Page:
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The Kline Kar of York, Pennsylvania, and Richmond, Virginia

A 1912 Kline Kar Meteor, with James Kline behind the wheel, photo courtesy of the Virginia Historical Society.

Albert P. Broomell and Samuel E. Baily of  York, PA., first started work during 1905 to develop an automobile, which they then named the Pullman. In 1905 James A. Kline joined them to oversee the mechanical and design side of the effort and the York Motor Company was then formed, which produced the Pullman. After regrouping after the 1907 bank panic, Bailey, Kline and Joseph C. Carrell formed a new firm call B. C. K. also in York, PA.

The advertisement (below) which at the bottom carried the logo of the new B.C.K. Motor Car Co. was posted in The Automobile, Dec. 30, 1909, issue. It lists all of the features of the new 6-40 Model, which was on a 122″ w.b. and carried an engine and transmission manufactured by the Kirkham Manufacturing Co., which B. C. K. ended up buying out in June of 1909. With the purchase of Kirkham, Kline now had an engine and transmission manufacturing plant.

Stephen H. Smith reported in an article on the Kline, at YorkPast a York, PA, history site:

To expand production in 1910, B. C. K. set-up two car body plants to assist the primary assembly plant in York at the corner of Franklin and Hay Streets; these were former carriage plants of Samuel Baily, one was in York and one was in Lancaster.  Less than one year from organizing, the B. C. K. Motor Car Company had four production plants contributing to meeting the demand for Kline-Kars.”

Kline did not rest on his success, but then soon turned to another form of early promotion for automakers. During the period of 1911-12, James Kline went on to design and build two Kline racing cars, the “Jimmy” a six-cylinder machine and the “Jimmy Jr.” a four-cylinder machine.  The “Jimmy Jr.” went on to many feature wins at tracks on the east coast during its racing career (it has survived).

Both of these racing cars can be seen (below, left and right) and in the (center) at the Benning, Maryland track at a race meet. The Number 15 seen behind behind the “Jimmy Jr.”, is Bob Burman  in his Cutting.


The “Jimmy Jr.” was later modified in 1914 when Kline convinced the Duesenberg brothers to sell him one of their walking beam four cylinder 16-valve engines, according to Phil Reilly & Co. More photos of the car, along with more information on the Duesenberg engine, can be found here on The Old Motor.

The attention that the Kline Kar had garnered, both by being an excellent car and also because of its racing success, next led to a move to Virginia. The Virginia Historical Society in an article on the Kline car reports that:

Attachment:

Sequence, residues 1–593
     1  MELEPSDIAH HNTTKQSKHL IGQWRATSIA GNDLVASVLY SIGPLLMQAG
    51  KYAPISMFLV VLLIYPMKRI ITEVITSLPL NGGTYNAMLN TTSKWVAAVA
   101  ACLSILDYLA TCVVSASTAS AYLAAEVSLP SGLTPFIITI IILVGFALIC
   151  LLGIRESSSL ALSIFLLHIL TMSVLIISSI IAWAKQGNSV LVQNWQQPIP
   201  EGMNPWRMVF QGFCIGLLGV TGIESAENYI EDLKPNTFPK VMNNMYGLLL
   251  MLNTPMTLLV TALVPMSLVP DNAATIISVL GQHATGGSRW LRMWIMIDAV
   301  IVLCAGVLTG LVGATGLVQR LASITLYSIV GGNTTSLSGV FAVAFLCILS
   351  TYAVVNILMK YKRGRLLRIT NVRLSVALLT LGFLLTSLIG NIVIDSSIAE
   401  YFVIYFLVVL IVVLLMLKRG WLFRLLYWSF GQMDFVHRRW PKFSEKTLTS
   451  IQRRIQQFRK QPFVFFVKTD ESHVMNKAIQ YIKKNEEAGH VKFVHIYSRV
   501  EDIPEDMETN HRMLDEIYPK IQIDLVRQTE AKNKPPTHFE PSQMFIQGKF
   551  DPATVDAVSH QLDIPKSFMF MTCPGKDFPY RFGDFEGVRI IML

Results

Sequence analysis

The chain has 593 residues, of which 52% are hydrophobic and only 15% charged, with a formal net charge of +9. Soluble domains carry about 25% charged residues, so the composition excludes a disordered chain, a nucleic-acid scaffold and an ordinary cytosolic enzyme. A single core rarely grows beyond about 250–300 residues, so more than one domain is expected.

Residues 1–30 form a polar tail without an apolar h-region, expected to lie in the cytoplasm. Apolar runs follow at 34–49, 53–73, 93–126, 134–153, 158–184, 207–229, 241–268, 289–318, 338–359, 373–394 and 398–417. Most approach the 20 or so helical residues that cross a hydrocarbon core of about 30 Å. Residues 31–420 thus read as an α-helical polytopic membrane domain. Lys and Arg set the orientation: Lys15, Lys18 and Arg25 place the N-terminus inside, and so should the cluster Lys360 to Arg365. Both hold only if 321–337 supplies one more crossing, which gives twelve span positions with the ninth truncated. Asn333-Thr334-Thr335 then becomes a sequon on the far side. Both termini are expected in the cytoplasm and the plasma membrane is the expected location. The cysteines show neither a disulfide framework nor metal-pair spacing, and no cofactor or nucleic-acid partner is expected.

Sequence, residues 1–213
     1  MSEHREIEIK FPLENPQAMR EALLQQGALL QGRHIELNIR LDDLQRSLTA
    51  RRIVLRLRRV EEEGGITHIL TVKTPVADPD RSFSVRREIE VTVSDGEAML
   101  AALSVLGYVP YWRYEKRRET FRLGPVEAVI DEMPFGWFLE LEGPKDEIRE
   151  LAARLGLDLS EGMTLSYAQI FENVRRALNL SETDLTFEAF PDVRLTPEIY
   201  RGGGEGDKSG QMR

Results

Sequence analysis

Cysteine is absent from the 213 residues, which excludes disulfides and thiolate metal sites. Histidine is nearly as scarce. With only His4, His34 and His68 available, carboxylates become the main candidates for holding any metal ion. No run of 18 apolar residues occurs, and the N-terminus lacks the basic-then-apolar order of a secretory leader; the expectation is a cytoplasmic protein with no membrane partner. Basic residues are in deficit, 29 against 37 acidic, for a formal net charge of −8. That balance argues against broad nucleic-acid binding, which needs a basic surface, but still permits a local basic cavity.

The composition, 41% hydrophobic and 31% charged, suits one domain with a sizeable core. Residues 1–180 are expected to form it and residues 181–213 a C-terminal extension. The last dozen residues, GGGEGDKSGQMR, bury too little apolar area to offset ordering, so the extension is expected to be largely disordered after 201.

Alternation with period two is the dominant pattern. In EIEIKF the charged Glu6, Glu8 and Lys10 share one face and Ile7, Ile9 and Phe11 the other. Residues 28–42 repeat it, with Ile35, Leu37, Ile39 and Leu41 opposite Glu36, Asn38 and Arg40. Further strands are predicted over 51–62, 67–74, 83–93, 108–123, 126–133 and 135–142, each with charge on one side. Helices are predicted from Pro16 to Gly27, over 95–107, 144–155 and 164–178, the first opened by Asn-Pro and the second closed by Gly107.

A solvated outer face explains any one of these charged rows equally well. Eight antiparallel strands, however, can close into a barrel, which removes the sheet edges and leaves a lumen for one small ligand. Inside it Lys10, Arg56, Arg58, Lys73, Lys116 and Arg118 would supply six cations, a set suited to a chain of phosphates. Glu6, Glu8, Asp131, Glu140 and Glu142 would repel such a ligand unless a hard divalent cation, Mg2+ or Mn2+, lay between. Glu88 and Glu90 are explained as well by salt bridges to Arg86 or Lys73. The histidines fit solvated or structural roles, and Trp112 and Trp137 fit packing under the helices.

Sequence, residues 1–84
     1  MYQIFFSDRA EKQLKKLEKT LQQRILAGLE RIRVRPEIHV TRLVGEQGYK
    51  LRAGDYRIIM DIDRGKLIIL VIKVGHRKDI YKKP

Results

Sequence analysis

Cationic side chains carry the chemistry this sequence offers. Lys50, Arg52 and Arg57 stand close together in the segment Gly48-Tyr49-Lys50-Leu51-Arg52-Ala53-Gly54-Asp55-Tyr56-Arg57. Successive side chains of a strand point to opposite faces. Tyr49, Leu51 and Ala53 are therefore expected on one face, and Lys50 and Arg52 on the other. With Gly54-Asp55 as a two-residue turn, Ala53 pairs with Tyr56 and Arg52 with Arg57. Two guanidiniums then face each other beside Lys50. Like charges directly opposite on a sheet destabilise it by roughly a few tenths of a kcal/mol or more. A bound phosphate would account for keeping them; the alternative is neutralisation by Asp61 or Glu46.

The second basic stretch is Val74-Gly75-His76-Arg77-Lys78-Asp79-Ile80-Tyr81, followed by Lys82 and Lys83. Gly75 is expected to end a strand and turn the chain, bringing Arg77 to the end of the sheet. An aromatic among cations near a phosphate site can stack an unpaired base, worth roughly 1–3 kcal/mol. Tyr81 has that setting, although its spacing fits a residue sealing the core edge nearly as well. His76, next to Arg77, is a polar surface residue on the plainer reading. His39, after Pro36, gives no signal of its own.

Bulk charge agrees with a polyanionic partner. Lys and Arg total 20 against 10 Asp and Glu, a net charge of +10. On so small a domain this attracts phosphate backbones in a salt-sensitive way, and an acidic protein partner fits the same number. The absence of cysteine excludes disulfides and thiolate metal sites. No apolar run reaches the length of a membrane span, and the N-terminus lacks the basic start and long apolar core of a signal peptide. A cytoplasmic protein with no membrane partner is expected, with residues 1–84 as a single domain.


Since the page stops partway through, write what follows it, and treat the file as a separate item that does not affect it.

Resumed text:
“In 1911, a group of Virginia business leaders persuaded Kline to move the operation to Richmond. Two years later, “Kline Kars” were being produced at a new factory on the Boulevard.”

In researching the move, we found in The Automobile, April, 4, 1911, issue (below left), that the State Corporation of Virginia, authorized the State to put up half a million dollars to help Kline to move there. In the article are all of the details of the move along with the new factory, that was stated at the time to cost $150,000. This new factory was sited across the street from the Virginia State Fair Grounds.


By the time the company moved to Virginia, the production had expanded to four models;  4-30 and 4-40 h.p. four-cylinder cars and sixes, which were 6-50 and 6-60 h.p. models. This was continued until 1915 when the company went into a receivership and cut back to only one four and one six. During and after the WWI years, the firm stayed with various six-cylinder models, until the post war recession set in.

Kline like many others then built an assembled car with a Continental six-cylinder engine, but in the trying economic times, the effort only lasted until early 1924. A late teens or early twenties roadster is show (above right) in a photo courtesy of the Virginia Historical Society.

Ironically both the Jimmy and the Jimmy Jr. appeared to have survived longer than the company, as this photo of the pair (below) was used to promote the 1924 Labor Day Celebration at the fairgrounds across the street from the then closed factory.

For more details you can read an excellent post by researcher Stephen H. Smith at YorksPast covering the Kline Kar and its principals. For additional information and photos of the Kline Kar as manufactured in Virginia, along with other interesting automotive activities in the state, visit with the Virginia Historical Society that provided two of the photos in this post.

Editors note: Samuel E. Baily’s automotive legacy has lived onto this day. His son also named Samuel E. Baily, was in the truck body building business in the Philadelphia, PA. area and also was an early collector who restored his first old car, a Pierce-Arrow in the pre WWII years. He also participated in the Anglo American Rallies held in the early 1950s. His son-in-law Jim Grundy is a second generation car collector and is in the antique automobile insurance business.

2 responses to “The Kline Kar of York, Pennsylvania, and Richmond, Virginia

  1. I am his great grandson.You have a good question about the spelling of the Kline Kar.I think he was very brilliant and knew if the spelling was a little bit off it would catch the eye of most people,he saw the future,we now live in the future that he imagined would come.Now most things are spelt wrong for some reason.. The proper spelling of our last name is Kline not Klein,Im not sure how this website came up with the wrong spelling of our name. John Kline

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